there are lots [and lots and lots and lots] of examples of this sort of thing, some successful, some not, but far too many to cover in one blog post. however, i thought it was worth looking at some languages that have been the subjects of active repression, and what the political consequences of that have been.

devastation :: the native north american languages :: it should come as no surprise that the largest genocide in history [by a ma…

losers

i couldn't let today slip by without taking a little shot at the republican party and the collapse of their health care bill. after about four hundred efforts to repeal the affordable care act, the party that opposed it couldn't bring its characteristic unity to getting its own bill passed, thus cementing the idea that their principal skill is in criticising. it's normally the progressive left that tends to eat itself alive, with groups arguing over who is more liberated than whom, and whose pet cause is the most important, so it's sort of a relief to see that happening to the other side.

the problem is that it's hard to take even a little pleasure out of the current situation. there are few winners: the major winners are the twenty million people covered under the affordable care act who will remain covered for now; also, there's barack obama, who seems to have shifted the locus of the health care debate to one where americans feel entitled to a certain level…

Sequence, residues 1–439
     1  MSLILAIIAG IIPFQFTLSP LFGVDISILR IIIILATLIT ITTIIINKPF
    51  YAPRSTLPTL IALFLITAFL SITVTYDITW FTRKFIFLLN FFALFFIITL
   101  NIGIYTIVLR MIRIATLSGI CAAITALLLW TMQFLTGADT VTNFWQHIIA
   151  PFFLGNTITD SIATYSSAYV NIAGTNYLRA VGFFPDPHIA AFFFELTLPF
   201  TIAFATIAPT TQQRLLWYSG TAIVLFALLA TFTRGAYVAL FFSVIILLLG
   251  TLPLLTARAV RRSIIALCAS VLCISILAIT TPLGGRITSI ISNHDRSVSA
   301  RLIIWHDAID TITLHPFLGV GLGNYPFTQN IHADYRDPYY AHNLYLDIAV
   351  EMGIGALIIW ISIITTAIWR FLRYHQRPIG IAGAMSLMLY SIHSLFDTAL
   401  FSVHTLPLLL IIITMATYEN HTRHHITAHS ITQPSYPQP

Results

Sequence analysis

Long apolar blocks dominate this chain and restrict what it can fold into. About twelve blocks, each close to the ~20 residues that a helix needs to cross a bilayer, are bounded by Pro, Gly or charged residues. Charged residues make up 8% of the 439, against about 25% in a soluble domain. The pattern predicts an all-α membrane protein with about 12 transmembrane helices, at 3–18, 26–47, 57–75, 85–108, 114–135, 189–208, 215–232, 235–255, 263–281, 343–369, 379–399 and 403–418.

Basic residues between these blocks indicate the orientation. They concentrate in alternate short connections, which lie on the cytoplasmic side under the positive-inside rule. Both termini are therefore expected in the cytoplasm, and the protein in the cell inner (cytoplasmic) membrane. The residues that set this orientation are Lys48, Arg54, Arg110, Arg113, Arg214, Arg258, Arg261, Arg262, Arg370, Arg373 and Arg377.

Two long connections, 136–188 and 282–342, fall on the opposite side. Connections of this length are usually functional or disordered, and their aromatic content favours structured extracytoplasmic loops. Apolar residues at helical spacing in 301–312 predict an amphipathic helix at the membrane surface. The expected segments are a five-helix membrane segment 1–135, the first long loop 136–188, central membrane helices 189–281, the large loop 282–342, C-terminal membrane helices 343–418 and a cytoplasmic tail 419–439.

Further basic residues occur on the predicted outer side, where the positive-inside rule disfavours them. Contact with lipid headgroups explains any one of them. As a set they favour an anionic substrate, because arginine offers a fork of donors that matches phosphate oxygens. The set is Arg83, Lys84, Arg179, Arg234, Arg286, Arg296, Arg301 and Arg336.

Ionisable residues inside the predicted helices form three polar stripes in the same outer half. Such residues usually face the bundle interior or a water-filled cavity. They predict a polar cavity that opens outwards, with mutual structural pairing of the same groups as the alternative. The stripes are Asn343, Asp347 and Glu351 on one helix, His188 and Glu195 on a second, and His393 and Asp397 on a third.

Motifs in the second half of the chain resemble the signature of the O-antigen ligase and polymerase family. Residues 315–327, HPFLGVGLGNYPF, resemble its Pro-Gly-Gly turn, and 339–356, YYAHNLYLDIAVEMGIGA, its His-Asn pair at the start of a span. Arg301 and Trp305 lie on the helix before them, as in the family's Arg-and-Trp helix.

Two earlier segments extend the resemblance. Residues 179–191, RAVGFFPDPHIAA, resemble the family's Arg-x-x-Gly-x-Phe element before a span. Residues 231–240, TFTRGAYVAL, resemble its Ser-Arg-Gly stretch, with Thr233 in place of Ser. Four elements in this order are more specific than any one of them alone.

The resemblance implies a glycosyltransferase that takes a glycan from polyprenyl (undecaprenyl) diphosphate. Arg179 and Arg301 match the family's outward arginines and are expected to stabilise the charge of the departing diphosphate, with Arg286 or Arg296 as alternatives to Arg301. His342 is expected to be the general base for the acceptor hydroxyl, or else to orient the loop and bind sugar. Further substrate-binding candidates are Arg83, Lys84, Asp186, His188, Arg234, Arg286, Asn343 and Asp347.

wtf

UPDATE! the new banner is now hanging above. look at banner! many thanks to dom for rejuvenating it for 2017! also, i've updated the about me page, because i like to do that every couple of years or so, when i realise that at least 50% of it is out of date... [#shameface]

why yes, i have made a slight change in the appearance of the blog. i think this makes it easier to read, and i kind of like the colours involved [although those are subject to change]. i'm not so sure about losing my banner, which i rather liked, or my links [although they were badly in need of updating]. i'm still combing through older posts to make sure that there aren't any huge layout issues, so if anything looks weird, please let me know. in fact, please let me know if you have any thoughts on the "new look" more like space.

making faces :: magic mushrooms

it seems like such a short time ago that i was criticising bite for not providing me with enough unique colour options in any of their fine products. last year, not only did they reformulate their core lipstick line, replacing their original luminous creme with the amuse bouche formula, but they also started coming out with some of the most original shades on the market. much of their line is still made up by classics, like all lipstick collections, but they've done an excellent job of populating the fringes with surprises. and that's a boon to someone like me, who has perhaps collected just a few more shades of berry and red than maybe she should have during her time on earth...

this spring, bite came out with what might be their most daring collection ever, which is saying something considering that their 2016 summer collection [winner of a coveted shrunken head award] included a nearly glow in the dark purple and a blackened green. it's called "edgy neutrals" …